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Creative Writing and the New Humanities

By Paul Dawson | Go to book overview

Notes

Introduction

1
The Writers' Workshop Brochure. Online. (accessed 9 Feb. 2004).
2
The clearest illustration of this style of teaching is offered by McFarland (1993), and the best critique of it is provided by Dooley (1990).
3
See D. Hall (1983), Kuzma (1986), J. Epstein (1988), Dooley (1990).
4
See Watkins (1989:191-6) for an account of this idea of the placeless writer and how it complemented the Arnoldian concept of critical freeplay.

Chapter 2

1
In 1922, Middlebury College advertised its Summer School of English, and one of the courses was in 'Creative Writing (verse and prose)'. This advertisement can be found in The English Journal 11.4 (April 1922): 264. The School had been held since 1920, but, this was the first time the phrase 'Creative Writing' was used to denote instruction in fiction and poetry writing. It is out of this Summer School that the Breadloaf Conference on Creative Writing emerged in 1926.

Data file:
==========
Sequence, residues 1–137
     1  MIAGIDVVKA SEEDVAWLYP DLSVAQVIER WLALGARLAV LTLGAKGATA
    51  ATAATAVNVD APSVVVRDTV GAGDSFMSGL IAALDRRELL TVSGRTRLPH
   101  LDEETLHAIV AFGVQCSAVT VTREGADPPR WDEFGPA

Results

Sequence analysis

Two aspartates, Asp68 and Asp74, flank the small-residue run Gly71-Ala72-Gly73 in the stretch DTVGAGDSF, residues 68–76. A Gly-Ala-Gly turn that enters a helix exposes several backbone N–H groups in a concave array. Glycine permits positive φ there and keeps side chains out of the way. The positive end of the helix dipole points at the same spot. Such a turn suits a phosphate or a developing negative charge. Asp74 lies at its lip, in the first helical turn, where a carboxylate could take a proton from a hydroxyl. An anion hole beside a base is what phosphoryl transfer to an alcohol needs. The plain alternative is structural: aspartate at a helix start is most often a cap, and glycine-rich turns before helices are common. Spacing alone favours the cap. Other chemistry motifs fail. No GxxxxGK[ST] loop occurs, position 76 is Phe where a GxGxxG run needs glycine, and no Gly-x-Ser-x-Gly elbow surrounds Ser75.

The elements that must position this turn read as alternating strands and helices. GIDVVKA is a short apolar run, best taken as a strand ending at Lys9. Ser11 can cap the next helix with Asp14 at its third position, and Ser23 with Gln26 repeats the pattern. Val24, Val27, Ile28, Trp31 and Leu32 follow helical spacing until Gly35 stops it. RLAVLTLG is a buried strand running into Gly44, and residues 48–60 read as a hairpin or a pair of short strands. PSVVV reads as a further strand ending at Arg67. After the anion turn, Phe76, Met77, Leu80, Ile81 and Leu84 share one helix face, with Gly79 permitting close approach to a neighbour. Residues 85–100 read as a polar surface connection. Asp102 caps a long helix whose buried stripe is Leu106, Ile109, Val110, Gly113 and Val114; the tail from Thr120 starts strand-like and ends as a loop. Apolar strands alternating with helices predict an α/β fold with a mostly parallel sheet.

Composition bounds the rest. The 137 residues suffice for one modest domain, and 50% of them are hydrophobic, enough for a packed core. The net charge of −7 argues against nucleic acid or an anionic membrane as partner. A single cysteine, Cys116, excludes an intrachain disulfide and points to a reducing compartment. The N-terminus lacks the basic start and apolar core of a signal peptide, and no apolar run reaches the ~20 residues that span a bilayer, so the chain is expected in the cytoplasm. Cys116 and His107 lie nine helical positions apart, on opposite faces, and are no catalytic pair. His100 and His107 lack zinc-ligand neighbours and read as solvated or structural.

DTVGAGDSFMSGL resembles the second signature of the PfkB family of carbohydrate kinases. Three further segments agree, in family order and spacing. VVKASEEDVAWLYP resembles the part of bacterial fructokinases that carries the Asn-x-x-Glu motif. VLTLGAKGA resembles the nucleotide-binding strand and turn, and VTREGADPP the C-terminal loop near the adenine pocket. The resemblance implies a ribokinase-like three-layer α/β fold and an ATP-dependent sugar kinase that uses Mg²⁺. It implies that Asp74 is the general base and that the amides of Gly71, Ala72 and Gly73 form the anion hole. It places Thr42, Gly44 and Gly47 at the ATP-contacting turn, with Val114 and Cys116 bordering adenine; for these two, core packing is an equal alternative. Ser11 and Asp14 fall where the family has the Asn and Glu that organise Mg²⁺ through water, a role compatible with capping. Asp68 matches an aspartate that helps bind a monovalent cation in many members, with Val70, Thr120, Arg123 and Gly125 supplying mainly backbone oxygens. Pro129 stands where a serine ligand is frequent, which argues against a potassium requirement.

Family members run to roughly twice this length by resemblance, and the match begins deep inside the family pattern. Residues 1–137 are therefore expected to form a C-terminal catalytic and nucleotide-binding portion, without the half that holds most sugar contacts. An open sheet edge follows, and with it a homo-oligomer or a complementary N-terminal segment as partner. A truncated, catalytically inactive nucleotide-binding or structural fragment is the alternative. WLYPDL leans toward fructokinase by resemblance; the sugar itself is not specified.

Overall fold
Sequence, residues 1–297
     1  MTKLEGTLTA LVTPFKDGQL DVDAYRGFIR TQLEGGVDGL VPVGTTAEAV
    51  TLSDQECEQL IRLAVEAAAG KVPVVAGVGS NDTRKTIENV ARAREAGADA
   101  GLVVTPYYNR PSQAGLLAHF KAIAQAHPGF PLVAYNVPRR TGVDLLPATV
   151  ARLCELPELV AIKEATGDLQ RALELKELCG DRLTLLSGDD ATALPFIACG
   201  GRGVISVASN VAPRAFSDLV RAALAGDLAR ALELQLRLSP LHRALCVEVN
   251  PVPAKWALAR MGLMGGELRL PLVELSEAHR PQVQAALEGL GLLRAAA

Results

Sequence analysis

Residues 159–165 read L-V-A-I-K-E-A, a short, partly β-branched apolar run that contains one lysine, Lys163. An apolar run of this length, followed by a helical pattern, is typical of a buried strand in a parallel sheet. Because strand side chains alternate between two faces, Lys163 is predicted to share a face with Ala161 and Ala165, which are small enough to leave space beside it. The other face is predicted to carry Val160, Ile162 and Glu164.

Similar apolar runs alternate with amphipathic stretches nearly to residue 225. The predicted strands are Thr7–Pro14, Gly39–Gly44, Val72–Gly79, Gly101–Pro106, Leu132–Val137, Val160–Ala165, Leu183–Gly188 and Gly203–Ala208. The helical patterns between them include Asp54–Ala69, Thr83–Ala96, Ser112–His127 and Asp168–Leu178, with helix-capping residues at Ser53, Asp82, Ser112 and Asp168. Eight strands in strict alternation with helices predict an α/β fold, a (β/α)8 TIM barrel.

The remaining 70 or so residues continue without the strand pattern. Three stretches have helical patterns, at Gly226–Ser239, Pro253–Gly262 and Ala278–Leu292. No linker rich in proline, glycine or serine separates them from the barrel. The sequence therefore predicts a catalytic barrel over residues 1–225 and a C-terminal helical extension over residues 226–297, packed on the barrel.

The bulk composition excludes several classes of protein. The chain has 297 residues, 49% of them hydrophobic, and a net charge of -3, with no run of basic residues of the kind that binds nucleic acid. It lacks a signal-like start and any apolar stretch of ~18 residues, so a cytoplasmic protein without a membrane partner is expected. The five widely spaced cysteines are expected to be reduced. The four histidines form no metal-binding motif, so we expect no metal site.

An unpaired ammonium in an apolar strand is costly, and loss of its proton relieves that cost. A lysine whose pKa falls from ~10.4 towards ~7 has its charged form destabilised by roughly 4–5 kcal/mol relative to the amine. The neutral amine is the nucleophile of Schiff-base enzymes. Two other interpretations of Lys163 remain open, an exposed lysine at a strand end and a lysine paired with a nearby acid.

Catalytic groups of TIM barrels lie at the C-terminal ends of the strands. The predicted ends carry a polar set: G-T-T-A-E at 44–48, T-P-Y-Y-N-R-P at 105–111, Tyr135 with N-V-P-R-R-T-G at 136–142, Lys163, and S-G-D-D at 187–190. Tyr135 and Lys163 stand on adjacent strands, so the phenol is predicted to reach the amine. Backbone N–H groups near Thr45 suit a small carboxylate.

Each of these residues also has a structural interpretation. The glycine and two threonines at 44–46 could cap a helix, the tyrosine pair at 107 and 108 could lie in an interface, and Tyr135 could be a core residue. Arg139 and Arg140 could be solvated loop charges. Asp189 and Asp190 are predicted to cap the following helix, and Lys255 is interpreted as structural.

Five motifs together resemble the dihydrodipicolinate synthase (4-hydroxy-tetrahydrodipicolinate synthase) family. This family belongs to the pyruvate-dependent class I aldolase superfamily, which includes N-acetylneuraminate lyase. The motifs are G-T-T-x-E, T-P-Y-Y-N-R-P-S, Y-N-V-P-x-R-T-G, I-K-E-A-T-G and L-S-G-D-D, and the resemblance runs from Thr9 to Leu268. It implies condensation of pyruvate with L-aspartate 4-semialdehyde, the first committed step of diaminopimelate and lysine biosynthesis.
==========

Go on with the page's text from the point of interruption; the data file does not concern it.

2
I take this phrase from Ian Hunter's Culture and Government (1988), a compelling account of the relationship of progressive education to modern Literary Studies in the popular school system in England. Hunter draws attention to an influential textbook by Randolph Stow which describes the role of the teacher as a supervisor in the government school playground. For Hunter, the role of the English teacher, as an ethical exemplar who encourages the play and self-expression of the student within the classroom, is an extension of this practice of moral supervision in the playground. Not only was progressive education deployed in this regard, but so was the Romantic caste practice of reading and writing as a means of ethical self-formation; both operated within the governmental apparatus of the popular school system as a means of population management. The 'unfathomable' text of literature, coupled with the role of the teacher as an ethical exemplar, encouraged students to internalise the practice of ceaseless self-scrutiny via the reading of literature. Hunter skirts around the role of Creative Writing, preferring to concentrate on the role of drama, and the way post-Romantic conceptions of literature have been

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